Sunday, June 26, 2011

Backup Backup Backup

For quite a few years I've been using Windows Home Server to centrally store all the household documents, music, videos, etc. To keep it backed up I have three hard drives that I copy the files onto, making a mirror of what is on the server. I have been keeping one backup on me, but recently I decided that wasn't enough. What if I was home and some disaster struck and all my hard drives and the server were destroyed. Well I'd be out of luck!
So I decided with all the hulla-ballo about the Cloud I would try saving the more important files there. So, being the cheapskate that I am I didn't want to spend a lot of money.
I figured that I would classify my files into 3 categories:
  1. The files that I must absolutely, positively have no matter what,
  2. The files that I have purchased or are important (MP3s, photos), but if they were lost, it would be tragedy, but not the end of the world,
  3. The files that I have that have no monetary value (recorded TV shows) that could be lost without much "pain"
Thus my plan became to continue doing my normal backup routine with my physical hard drives, backing up the #1 files to a safe cloud, and backup #2 to the "less safe" cloud.
In looking around at backup solutions for Windows Home Server I decided on CloudBerry's product CloudBerry Back for Windows Home Server 2011. I also picked Amazon's S3 cloud storage to be the repository for the #1 files. I figured I had about 5 GBs worth of files that I would store there. CloudBerry works great, and I'll write about it another time.
For the #2 files, well I have about 60GB worth of those, so I thought, being the cheapskate that I am, to store those in another location. Well, I already use Picasa, and I went ahead and purchased 20GB of storage from Google for $5 per year which is pretty cheap. Okay, check those off the list. Next, the MP3s. Well I do use an Android phone and use Amazon's Cloud Player, so in looking into their service I discovered if I bought an album I could get 20GB for a year for free. Check! However, that isn't quite enough, so at some point I'm going to upgrade it to the 50GB of storage for $50/year.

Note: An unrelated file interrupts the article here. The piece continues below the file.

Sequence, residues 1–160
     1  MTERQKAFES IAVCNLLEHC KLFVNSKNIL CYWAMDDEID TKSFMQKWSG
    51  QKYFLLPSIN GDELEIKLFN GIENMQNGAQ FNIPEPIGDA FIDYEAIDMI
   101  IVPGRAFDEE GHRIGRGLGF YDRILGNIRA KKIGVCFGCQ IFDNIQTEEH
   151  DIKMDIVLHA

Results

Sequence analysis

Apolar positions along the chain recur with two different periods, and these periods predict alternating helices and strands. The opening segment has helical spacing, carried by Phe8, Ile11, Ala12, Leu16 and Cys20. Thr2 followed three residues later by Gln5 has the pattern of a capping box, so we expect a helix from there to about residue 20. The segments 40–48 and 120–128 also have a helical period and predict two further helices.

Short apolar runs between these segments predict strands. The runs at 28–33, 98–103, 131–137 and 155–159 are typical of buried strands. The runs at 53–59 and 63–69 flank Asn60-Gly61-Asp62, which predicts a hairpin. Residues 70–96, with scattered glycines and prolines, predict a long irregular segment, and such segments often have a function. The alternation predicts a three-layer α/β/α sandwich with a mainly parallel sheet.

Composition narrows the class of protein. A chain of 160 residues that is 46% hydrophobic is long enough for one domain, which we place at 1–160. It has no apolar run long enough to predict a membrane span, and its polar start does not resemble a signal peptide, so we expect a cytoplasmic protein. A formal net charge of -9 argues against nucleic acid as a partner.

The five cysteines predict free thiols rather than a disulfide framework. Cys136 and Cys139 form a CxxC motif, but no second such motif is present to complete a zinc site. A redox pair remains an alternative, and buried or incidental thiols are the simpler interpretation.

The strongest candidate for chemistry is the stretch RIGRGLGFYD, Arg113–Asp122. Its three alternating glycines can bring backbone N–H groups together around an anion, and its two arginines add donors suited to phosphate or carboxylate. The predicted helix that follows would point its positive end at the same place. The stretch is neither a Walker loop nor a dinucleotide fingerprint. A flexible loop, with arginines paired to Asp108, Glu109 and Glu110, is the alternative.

As for the #3 files, I'll just continue the normal backup routine.
Well my DSL connection doesn't have the quickest of upload speeds, around 600 kbps so it took about 1 1/2 weeks to get all the #1 files and the photos uploaded to the cloud. I was working on the MP3s but when I realized I wouldn't have enough room I stopped figuring I'll get to those at a later time.
In CloudBerry I setup two different backup schedules for two distinct sets of files. Each happens once a week, I really don't update those files that often, so once a week works. The advantage with CloudBerry is once it is setup it is automatic and I don't really have to do anything but pay my Amazon storage bill.
With Picasa and Amazon's Cloud storage I do have to do those operations manually, but that's not too bad.
So far after doing the initial upload to Amazon S3 I've been charged 50 cents. So it will be interesting to see exactly how much I end up spending per month. I'm budgeting around $5/month and I think it will be, but I want to let it operate a couple months before making any final pronouncements.
I'll be back with updates in the future.

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